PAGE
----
If My Felony Weapons Charges Were Dropped by the State Can I Still be Prosecuted in Federal Court?
Although many of those who are initially charged with a weapons offense in Florida later have those charges dismissed, they may not yet be out of the woods. This is because the federal government may still be able to prosecute those individuals for violating federal law. When these charges qualify as felonies, the accused will undoubtedly need to present a stronger case than he or she would have had to present in state court, as federal charges are usually more aggressively pursued and come with harsher penalties than their state counterparts. To ensure that your own legal rights and interests are protected during your own federal trial, please contact an experienced federal firearm and gun crime attorney who can assist you.
State vs. Federal Charges
Even when a defendant is being charged with a felony weapons offense in state court, he or she could face similar charges brought by a federal prosecutor. Generally, the federal government only becomes involved in weapons cases when a defendant allegedly used the firearm in a manner that involved the crossing of state lines. Typically, this occurs when a person purchases a weapon in one state and then travels to another state before using it, or even purchases the weapon online and has it transported to his or her state.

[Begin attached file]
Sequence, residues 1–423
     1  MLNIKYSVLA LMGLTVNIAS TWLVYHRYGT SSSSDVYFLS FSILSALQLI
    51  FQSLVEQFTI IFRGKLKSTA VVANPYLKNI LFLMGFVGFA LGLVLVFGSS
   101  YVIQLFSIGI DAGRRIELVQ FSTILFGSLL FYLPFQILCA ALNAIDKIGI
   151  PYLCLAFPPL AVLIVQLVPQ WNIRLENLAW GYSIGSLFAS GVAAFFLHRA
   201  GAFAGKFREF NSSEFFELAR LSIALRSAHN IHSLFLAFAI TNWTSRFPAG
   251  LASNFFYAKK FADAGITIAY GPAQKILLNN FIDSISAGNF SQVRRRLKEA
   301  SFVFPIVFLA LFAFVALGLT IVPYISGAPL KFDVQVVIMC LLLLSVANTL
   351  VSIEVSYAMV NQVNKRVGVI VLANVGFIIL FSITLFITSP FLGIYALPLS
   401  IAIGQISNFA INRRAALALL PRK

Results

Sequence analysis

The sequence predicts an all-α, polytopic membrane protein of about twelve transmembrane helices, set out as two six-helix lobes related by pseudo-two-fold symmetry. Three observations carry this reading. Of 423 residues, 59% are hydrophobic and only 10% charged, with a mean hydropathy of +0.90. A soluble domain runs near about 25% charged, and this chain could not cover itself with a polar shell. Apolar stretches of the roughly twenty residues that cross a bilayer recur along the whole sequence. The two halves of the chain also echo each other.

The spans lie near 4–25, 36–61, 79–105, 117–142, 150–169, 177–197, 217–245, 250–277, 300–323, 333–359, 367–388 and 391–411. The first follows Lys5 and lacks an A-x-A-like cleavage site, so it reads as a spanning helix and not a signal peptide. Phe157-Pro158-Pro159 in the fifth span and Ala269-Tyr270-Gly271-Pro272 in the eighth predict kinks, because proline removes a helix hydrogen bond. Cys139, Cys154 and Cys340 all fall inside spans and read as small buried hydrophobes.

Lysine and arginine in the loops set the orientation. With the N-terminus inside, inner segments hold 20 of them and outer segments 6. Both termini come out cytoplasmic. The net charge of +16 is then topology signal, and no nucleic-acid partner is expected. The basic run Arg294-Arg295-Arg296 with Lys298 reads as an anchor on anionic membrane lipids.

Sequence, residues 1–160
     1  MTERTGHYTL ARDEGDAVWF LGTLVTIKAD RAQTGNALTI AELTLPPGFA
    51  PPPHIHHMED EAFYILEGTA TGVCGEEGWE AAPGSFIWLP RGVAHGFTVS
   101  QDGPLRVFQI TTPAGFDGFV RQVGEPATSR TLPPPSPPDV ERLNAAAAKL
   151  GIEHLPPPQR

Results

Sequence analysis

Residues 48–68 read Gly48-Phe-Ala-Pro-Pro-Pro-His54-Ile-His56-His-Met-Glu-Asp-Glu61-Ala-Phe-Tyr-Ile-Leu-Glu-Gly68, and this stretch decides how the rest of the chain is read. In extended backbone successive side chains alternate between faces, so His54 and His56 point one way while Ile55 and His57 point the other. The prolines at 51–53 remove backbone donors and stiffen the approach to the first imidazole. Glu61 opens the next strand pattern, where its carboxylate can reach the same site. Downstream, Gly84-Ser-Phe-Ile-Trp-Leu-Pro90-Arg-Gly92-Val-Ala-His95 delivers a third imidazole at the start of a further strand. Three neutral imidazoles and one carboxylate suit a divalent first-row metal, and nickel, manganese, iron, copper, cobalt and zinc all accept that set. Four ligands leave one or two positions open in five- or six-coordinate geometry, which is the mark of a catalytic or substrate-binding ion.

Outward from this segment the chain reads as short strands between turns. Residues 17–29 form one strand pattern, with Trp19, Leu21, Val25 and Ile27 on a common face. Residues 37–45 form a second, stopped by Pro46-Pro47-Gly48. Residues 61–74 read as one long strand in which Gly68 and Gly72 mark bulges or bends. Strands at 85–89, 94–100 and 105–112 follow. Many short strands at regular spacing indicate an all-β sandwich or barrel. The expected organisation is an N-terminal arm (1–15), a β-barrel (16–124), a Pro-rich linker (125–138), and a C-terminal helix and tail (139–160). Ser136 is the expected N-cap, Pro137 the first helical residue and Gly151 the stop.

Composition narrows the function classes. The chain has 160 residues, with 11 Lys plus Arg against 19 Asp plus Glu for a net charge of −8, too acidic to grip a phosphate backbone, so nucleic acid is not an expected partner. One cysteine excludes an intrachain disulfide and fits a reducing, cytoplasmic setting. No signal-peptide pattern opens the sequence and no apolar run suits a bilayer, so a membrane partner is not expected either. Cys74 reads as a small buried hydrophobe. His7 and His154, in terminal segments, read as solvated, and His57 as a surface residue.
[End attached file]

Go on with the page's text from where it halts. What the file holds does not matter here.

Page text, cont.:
In the event that state prosecutors decide to drop the charges due to a lack of evidence, or because a federal law takes precedence, their federal counterparts could continue to pursue a trial. In fact, in some cases, state and federal law enforcement agencies work together to determine which charges are valid, at which point the state will drop the charges, so that the accused will face the harsher penalties that come with conviction under federal law.
Even if a state agency does not drop a person’s weapons charges, the accused individual could still face charges in federal court. This is because both state and federal agencies are permitted to bring similar criminal charges, that arose out of the same act, against a single defendant. As long as the act is considered a criminal offense under both state and federal law, a person could be charged and even convicted in both courts. However, neither state, nor federal governments are permitted to prosecute a person a second time for the same crime once that individual has been acquitted. This is known as double jeopardy. Otherwise, a person can be charged in both federal and state court for the same crime, even if they were found not guilty or their charges were dismissed by one of the courts. Similarly, if found guilty in both jurisdictions, a person could face penalties in both state and federal court.
Contact Our Legal Team About Your State or Federal Charges
To speak with dedicated Miami federal crime attorney Jeffrey S. Weiner, P.A. about your own pending federal charges, please call 305-670-9919. Initial consultations are offered free of charge, so please don’t hesitate to call or contact us online today.